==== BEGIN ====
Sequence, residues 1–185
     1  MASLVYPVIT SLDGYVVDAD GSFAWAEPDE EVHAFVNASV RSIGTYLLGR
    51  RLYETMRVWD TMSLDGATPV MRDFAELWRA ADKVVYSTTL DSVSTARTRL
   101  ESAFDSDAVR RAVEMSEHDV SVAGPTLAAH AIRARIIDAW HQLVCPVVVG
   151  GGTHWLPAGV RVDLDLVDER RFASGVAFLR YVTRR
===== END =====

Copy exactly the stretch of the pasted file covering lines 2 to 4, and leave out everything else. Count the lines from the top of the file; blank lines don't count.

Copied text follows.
     1  MASLVYPVIT SLDGYVVDAD GSFAWAEPDE EVHAFVNASV RSIGTYLLGR
    51  RLYETMRVWD TMSLDGATPV MRDFAELWRA ADKVVYSTTL DSVSTARTRL
   101  ESAFDSDAVR RAVEMSEHDV SVAGPTLAAH AIRARIIDAW HQLVCPVVVG